Death of Tigran Yergat (December 1, 1899)

A short-lived and forgotten name of Armenian letters and political struggle in the late nineteenth century, Garabed Bilezikji was born in Constantinople from a Catholic family of amiras (upper class merchants) in 1870. His father died at the age of 28 and his mother, who belonged to the well-to-do Tingir family, returned to her father’s home with her children.

Little Garabed was given private lessons of Turkish and Armenian, and learned Greek through his nanny. In 1880 he moved to Paris with his mother and entered the boarding school of the Dominican fathers in Argueuil. He graduated in 1887 with honors. After spending a year in the United States, where he studied American literature and perfected his English, he came back to Paris in 1889 and took a modest position at a bank, while devoted to literary and political activities, and adopted the pseudonym of Tigran Yergat.

He maintained close relations with Emile Zola, Jean Jaures, Maurice Barres, and other remarkable figures of French intellectual life, which opened the doors of the press to him. He published many articles in French journals about the peoples of the Orient, Oriental life and customs, and the Armenian Question. He contributed to Nouvelle Revue, Le Figaro , and other publications, and was a much-sought lecturer.

In 1893 the Tingir family lost most of its fortune due to the economic crisis in Turkey, and Yergat was forced to return to Constantinople. He taught French and clandestinely contributed to Revue des Revues with patriotic poems by Kamar Katiba in French translation and articles denouncing the anti-Armenian policies of Sultan Abdul Hamid II. He also wrote articles calling for revolutionary action in the newspaper Hairenik of Constantinople. In August 1896, when the Armenian Revolutionary Federation executed the occupation of the Ottoman Bank, Tigran Yergat’s brother, Mardiros Bileziji, a bank employee, was persuaded by the leaders of the group, Armen Garo and Hrach Tiryakian, to write in Turkish the famous warning to the sultan by the Armenian revolutionaries. Yergat would tell his mother: “They entered the bank like heroes, but they should have exploded the building rather than leaving it like that, without any result. Would my brother have been lost there? Who cares, it would have been for the glory of Armenia…”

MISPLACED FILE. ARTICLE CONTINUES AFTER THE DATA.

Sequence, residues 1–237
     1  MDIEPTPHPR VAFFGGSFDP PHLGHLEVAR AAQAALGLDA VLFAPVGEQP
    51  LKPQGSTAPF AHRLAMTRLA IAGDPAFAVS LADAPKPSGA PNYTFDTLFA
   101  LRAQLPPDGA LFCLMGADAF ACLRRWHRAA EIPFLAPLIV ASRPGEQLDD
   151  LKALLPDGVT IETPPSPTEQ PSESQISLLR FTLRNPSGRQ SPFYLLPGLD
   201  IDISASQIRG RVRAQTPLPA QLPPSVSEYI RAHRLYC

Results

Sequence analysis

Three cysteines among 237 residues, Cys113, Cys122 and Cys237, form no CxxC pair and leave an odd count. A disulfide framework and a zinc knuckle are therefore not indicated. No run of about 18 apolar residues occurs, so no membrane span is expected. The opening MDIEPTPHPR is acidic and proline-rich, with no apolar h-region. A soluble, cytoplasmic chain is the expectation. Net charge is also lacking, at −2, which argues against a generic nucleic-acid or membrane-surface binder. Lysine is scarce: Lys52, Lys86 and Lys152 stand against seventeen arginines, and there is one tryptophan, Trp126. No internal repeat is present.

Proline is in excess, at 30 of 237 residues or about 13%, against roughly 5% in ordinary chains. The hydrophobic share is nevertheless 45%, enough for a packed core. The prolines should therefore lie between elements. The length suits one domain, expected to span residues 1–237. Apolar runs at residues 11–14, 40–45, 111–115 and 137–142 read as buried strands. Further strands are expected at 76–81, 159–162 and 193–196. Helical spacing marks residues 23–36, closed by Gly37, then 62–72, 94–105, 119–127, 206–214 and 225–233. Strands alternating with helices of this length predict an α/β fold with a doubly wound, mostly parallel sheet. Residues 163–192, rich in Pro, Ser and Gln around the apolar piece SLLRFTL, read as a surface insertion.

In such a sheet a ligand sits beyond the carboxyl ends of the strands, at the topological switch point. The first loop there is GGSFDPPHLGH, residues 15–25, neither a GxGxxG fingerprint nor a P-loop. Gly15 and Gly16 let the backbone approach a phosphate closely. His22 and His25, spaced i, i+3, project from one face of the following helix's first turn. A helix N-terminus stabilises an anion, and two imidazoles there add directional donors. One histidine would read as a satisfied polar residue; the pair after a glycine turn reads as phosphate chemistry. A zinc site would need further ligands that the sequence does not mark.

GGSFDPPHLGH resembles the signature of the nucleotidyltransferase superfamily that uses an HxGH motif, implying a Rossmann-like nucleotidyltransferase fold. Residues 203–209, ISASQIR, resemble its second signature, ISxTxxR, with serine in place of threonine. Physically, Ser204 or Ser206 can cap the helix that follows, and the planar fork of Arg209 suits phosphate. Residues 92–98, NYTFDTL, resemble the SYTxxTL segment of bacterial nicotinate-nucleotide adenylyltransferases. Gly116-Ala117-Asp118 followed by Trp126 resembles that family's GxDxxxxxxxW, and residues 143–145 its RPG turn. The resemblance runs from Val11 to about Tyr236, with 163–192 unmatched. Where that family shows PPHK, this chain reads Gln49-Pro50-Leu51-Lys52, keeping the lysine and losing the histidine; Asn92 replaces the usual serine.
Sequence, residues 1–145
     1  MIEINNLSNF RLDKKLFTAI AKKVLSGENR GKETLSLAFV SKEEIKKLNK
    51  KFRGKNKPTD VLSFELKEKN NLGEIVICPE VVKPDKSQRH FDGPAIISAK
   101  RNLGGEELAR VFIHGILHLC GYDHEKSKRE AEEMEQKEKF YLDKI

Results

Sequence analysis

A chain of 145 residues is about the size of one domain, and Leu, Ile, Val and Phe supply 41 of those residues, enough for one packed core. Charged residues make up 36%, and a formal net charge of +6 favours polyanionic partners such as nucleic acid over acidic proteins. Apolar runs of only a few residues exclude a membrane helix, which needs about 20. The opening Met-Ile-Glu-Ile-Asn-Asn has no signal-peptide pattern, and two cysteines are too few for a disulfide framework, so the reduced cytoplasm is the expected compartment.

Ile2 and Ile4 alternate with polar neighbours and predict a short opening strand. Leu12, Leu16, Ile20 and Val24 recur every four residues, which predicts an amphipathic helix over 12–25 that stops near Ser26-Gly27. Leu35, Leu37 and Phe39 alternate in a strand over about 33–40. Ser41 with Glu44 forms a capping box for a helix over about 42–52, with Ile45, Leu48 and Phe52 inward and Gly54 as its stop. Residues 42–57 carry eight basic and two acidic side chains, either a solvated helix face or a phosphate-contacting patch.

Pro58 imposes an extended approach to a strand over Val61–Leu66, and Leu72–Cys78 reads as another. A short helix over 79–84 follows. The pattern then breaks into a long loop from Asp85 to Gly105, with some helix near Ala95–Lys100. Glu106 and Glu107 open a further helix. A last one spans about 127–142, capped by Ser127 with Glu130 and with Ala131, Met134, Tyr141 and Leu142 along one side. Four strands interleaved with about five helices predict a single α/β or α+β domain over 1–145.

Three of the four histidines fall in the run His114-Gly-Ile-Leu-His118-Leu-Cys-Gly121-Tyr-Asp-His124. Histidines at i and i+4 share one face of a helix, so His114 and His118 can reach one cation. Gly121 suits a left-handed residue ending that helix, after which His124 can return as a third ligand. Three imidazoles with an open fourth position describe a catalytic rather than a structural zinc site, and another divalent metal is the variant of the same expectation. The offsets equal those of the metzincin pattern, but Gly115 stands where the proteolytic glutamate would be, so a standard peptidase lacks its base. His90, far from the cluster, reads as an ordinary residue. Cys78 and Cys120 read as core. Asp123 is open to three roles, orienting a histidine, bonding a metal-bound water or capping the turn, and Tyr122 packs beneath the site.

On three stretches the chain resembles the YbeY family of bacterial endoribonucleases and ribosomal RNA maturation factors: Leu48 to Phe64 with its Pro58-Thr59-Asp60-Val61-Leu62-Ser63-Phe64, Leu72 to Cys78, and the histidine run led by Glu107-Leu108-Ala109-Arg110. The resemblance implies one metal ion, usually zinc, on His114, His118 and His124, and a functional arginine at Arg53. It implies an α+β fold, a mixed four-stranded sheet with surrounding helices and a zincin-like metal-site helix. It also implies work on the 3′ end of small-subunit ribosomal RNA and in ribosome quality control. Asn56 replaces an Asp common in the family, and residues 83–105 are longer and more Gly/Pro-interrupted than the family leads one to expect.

Tigran Yergat also showed his capacities for political and lobby efforts. He was in close contact with Patriarch Mateos Izmirlian (1892-1896), who was finally exiled to Jerusalem by Hamid due to his continuous protests against the “Red Sultan.” He also was the subject of persecution, which forced him to leave Constantinople in October 1896 with help from the secretary of the British embassy.

He went to Greece, where he would mostly spend the next years. He actively cooperated with the Crete rebellion of 1897 and the subsequent Greek-Turkish war, becoming a member of the political organization “Eteria” and working to create a rapprochement between Greek and Armenian revolutionaries. In 1898 he took upon himself the organization of a French military expedition to Cilicia, which remained unfinished due to his death. In fact, his health took a fast turn to the worse early that year. He was forced to move to Cairo, near his brothers, looking for a recovery. During his short sojourn in Egypt, he became a member of the A.R.F.

However, in the spring of 1899, upon his mother’s entreaties, Tigran Yergat returned to Constantinople, physically devastated. He was taken to the hospital, where he passed away on December 1, 1899. An obituary published in the A.R.F. organ Droshak stated: “The storm of revolution, the adoration of epic feats existed in Tigran Yergat as an embodiment of protest, framed within a tender smile. Alas! A wild disease, tuberculosis, destroyed that kind and honorable life.”